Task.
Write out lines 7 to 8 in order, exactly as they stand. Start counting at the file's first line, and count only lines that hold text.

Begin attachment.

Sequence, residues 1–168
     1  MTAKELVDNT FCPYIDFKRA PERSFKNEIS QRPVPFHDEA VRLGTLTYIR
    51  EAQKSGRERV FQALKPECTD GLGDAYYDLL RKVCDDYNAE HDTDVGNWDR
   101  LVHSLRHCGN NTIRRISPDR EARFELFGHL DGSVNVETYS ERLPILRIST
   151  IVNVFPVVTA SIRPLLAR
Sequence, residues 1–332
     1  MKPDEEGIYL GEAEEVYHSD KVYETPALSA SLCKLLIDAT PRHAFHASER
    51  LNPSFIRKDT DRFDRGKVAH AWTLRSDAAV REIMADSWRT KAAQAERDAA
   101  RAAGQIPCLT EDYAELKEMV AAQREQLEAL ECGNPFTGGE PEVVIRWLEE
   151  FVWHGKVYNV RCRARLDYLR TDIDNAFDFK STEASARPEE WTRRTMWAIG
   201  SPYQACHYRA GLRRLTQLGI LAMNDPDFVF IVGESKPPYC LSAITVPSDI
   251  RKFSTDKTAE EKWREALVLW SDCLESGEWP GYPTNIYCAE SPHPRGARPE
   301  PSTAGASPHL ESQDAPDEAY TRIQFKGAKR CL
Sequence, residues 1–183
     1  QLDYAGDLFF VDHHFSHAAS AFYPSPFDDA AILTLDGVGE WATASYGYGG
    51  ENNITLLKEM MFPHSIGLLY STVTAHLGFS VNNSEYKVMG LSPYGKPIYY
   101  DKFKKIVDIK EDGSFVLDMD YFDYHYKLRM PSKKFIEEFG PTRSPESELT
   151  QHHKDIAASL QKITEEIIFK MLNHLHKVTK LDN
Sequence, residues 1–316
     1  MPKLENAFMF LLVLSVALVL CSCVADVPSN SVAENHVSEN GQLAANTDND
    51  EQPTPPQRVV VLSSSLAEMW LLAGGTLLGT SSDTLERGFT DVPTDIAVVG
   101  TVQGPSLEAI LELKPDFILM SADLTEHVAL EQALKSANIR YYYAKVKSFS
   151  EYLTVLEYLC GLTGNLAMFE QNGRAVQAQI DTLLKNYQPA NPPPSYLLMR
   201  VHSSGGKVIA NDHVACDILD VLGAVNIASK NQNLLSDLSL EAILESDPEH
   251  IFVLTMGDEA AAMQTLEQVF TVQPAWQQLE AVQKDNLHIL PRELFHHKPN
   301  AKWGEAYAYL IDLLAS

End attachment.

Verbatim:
     1  MKPDEEGIYL GEAEEVYHSD KVYETPALSA SLCKLLIDAT PRHAFHASER
    51  LNPSFIRKDT DRFDRGKVAH AWTLRSDAAV REIMADSWRT KAAQAERDAA